Modern-day ikebana practitioners emphasize the importance of silence and visual minimalism for proper appreciation of the beauty of the flowers used.

6. Kodo

Translating roughly to “the way of fragrance,” kodo is a traditional Japanese hobby dealing with incense appreciation. Kodo is one of the three traditional Japanese arts of refinement, meaning it was once expected that upper-class women would learn and practice the craft.

To practice kodo, a mica plate is placed on top of hot coals, in order to release fragrance from incense placed on the plate without actually burning the fragrant materials.

7. Chado (also known as sado)

Chado, meaning “the way of tea,” is a traditional, choreographed ritual for preparing and serving Japanese tea. The practice is meant to center more on aesthetics, using the appropriate etiquette, and displaying good hospitality, and less around the tea itself.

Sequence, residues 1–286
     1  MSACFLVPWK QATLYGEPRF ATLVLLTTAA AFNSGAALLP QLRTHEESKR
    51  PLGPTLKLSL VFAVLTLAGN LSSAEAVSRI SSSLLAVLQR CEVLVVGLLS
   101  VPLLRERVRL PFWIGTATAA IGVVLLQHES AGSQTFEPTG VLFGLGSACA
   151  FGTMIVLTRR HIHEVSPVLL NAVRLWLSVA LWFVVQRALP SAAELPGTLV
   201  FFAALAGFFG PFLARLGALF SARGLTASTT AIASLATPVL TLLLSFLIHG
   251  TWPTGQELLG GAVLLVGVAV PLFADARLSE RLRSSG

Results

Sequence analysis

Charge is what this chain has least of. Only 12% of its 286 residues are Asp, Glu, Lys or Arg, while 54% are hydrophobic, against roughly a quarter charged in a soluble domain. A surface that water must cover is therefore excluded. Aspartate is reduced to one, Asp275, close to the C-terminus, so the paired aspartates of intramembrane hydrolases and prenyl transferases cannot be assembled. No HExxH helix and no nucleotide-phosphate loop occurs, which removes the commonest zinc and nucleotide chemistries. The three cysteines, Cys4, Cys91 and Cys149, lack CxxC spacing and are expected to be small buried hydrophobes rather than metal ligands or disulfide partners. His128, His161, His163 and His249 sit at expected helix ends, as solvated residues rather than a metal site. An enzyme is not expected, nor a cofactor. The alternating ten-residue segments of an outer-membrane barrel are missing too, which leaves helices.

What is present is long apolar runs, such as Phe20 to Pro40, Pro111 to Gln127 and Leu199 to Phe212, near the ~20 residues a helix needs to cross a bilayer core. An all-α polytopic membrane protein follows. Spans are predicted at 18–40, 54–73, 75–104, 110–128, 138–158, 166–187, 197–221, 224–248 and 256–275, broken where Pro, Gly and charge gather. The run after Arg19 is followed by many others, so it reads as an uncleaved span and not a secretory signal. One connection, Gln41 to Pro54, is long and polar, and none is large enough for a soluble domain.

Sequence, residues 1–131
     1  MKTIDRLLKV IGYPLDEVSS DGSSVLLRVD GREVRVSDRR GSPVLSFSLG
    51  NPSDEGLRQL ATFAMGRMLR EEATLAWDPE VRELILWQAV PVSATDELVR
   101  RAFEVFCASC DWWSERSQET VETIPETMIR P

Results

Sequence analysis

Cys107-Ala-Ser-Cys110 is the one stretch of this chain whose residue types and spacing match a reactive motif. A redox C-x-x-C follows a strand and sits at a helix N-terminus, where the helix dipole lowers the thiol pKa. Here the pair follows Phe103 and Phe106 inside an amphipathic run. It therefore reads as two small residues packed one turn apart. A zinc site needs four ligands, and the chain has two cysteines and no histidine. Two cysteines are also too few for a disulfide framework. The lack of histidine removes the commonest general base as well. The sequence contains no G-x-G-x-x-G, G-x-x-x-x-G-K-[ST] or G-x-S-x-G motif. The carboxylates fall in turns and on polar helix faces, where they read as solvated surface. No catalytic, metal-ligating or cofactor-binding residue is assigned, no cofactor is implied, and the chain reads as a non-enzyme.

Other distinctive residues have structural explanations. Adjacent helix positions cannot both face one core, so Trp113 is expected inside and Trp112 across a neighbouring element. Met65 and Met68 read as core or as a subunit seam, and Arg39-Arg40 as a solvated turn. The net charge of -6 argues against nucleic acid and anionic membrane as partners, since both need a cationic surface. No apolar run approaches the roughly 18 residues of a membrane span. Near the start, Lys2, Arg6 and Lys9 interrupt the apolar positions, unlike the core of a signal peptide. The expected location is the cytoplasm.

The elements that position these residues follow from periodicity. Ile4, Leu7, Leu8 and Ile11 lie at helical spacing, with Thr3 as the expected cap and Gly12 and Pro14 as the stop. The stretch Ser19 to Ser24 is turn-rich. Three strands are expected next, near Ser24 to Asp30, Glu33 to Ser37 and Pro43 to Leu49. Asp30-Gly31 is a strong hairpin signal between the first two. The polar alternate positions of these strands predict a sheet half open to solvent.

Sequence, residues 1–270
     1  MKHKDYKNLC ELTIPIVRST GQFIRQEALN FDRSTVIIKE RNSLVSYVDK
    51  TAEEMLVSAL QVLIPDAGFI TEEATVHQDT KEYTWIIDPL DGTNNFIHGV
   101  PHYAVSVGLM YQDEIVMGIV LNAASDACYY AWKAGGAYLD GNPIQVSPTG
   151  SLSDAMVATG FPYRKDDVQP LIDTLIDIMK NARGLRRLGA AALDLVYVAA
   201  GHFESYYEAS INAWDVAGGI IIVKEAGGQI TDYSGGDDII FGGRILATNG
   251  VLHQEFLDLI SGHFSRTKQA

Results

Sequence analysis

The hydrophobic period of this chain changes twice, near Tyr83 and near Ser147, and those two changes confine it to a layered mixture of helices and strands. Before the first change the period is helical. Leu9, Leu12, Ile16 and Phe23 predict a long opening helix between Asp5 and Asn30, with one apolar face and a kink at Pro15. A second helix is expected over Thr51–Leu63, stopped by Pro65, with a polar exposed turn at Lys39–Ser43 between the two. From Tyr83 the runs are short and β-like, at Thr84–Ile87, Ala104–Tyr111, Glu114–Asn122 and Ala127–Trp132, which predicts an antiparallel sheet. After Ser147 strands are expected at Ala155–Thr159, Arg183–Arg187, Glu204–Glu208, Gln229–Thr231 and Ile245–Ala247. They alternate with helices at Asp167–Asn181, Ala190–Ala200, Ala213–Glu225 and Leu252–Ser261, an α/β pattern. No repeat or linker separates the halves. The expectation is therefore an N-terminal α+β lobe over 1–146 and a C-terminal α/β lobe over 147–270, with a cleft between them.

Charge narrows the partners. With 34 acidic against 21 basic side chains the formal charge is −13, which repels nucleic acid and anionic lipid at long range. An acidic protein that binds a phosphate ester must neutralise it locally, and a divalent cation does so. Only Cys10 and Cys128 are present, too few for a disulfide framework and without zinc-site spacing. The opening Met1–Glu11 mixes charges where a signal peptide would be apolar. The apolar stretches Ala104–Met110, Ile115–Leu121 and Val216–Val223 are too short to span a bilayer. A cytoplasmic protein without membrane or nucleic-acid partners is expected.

A thousand plus year old tradition, practicing chado was once reserved for priests and other religious figures but has since somewhat broken away from this strictly religious context.


Modern Japanese Hobbies 


8. Go

Go, also known as baduk, is a two-player board game in which players compete to surround a larger territory than their opponent. It is believed to be one of the oldest board games in existence. Players strategically place game pieces, which are either black or white stones, on a board with a grid pattern to claim territory. 

9. Manga 

Manga is an umbrella term for a vast array of Japanese works, including comic books and graphic novels. Within this broad category, there are many different genres. These include shonen and shojo, which are intended primarily for tweens and young adults. Manga genres for older adults include seinen and josei.